Those laws do apply to Cabinet appointees and other federal officials, but even here the enforcement mechanisms are not airtight. The OGE and agency ethics officials have little in the way of investigation powers and no role in enforcement. That falls to an agency's inspector general, the Department of Justice or Congress. Inspector generals have normally been more focused on rooting out waste and fraud than enforcing agency ethics. "My sense is that, in general, they are not super active in that area because it's usually taken care of elsewhere," says Bookbinder. "But I can imagine a situation where there appear to be widespread abuses and no one else stepping up where you find inspectors general being a whole lot more interested in these issues than they otherwise would be."

It's an open question whether a Trump Department of Justice will pursue conflict-of-interest issues in the next four years. At his confirmation hearing Tuesday, attorney general nominee Jeff Sessions refused to endorse Democratic proposals for a special prosecutor to investigate any potential Trump conflicts of interest that arise, saying he would have to examine the issue if and when it comes up. The Republican-controlled Congress, meanwhile, has shown little early interest in investigating ethics concerns that have arisen regarding Trump, his family and his political appointees' extensive business interests. And they have sought to buck other ethics safeguards.

For example, Congress traditionally has not scheduled hearings for Cabinet nominees until their required disclosures were submitted and certified as compliant by the OGE. But the Republican Senate scheduled several confirmation hearings this week for Trump nominees whose disclosures were not certified. Legally, that is allowed: The Ethics in Government Act of 1978 requires Cabinet nominees to file those forms, but since Trump has not yet been sworn in as president, his nominees are not technically nominees in the eyes of the law. Still, it broke with precedent and sparked an outcry among Democratic senators and the OGE. "This schedule has created undue pressure on OGE's staff and agency ethics officials to rush through these important reviews," Schaub wrote in a letter to Senate Democrats released last Friday. "More significantly, it has left some of the nominees with potentially unknown or unresolved ethics issues."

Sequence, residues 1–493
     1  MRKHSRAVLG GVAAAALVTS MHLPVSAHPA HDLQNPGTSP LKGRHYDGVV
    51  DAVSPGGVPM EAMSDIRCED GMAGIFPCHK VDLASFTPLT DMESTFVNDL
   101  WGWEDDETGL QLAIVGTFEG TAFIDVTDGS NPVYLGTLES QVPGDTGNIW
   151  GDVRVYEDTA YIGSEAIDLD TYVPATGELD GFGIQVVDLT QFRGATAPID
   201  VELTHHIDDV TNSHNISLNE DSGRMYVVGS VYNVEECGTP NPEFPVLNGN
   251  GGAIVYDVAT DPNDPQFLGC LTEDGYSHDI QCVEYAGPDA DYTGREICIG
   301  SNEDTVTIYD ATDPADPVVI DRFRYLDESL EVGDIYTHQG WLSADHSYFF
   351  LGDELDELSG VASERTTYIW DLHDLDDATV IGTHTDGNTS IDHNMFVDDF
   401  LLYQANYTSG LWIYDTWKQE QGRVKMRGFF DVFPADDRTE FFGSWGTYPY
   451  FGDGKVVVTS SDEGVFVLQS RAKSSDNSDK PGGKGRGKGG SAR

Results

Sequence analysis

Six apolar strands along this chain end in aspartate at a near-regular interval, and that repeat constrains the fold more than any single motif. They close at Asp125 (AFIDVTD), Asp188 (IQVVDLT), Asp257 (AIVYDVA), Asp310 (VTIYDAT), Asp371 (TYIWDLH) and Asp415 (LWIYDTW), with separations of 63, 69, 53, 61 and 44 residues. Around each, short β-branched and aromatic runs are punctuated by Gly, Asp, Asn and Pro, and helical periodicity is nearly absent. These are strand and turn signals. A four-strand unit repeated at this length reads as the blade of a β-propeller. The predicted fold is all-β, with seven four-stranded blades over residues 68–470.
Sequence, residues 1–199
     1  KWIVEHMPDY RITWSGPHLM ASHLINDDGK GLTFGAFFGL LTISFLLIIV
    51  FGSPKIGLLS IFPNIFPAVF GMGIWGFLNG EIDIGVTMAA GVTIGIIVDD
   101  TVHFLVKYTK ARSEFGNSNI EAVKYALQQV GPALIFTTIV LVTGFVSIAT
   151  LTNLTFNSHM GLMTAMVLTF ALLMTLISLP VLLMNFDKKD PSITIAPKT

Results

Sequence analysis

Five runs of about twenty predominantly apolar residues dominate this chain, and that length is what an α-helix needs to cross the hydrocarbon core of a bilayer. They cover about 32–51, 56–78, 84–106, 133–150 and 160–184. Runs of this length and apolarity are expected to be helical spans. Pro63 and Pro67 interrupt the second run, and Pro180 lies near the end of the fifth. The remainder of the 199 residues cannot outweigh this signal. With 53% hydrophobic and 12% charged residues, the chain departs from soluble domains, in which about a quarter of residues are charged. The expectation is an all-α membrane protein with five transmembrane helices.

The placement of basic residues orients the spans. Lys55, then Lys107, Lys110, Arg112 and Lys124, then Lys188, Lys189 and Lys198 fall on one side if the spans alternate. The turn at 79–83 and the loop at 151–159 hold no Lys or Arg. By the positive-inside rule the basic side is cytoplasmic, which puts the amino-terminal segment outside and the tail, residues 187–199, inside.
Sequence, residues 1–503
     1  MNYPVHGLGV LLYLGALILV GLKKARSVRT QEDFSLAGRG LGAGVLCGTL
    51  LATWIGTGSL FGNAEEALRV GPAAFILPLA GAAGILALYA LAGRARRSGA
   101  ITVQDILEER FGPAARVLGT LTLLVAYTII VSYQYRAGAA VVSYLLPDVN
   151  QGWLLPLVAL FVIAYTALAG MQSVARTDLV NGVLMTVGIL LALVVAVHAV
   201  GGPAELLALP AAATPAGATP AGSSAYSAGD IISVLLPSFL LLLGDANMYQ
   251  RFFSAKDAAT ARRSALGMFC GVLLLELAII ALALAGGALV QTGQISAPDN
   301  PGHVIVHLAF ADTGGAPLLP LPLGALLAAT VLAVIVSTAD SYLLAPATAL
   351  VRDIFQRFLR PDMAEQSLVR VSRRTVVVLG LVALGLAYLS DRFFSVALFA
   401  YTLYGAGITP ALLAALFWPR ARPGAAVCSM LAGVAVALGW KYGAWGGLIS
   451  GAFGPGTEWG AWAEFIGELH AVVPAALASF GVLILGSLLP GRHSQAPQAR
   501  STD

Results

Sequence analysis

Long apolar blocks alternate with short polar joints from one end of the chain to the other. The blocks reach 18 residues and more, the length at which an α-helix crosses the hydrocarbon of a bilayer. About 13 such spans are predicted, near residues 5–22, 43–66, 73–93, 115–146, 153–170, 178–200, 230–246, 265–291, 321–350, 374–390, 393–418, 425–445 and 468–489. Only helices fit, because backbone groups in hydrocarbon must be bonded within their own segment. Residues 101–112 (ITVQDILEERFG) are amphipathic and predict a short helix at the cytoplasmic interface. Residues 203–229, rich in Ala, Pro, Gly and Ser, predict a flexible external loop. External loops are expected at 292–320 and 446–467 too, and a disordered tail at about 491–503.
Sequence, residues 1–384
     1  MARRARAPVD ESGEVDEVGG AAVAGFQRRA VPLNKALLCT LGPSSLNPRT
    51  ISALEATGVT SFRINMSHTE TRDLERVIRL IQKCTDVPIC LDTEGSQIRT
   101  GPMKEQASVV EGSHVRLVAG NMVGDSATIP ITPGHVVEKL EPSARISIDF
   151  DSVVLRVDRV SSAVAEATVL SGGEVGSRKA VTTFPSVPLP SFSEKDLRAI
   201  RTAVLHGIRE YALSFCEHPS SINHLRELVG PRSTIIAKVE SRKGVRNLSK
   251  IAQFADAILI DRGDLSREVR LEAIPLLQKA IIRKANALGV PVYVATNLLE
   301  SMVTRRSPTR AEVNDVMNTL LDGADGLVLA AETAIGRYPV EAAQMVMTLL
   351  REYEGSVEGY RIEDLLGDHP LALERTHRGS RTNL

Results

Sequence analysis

In this case, the pushback appears to have had an impact. The Senate has since delayed three of the confirmation hearings, including for two nominees—Betsy DeVos (education secretary) and Wilbur Ross (commerce secretary)—whose ethics reviews are still pending. Congressional Republicans also backed down earlier this month after their plan to gut the Office of Congressional Ethics's enforcement powers elicited a storm of criticism. Watchdog groups say that in the face of a resistant government, this kind of scrutiny remains one of their best weapons. " I think in the short term, public outcry or public shaming is probably the most effective tool," says Aaron Scherb, director of legislative affairs at the Common Cause, a good-government advocacy group.

But they are also looking into legal options if Congress, the Department of Justice or inspector general offices don't hold the Trump administration's feet to the fire. "If they don't, I think we and others will be looking to see if there are ways to enforce those [government ethics] laws from the outside," warns Bookbinder.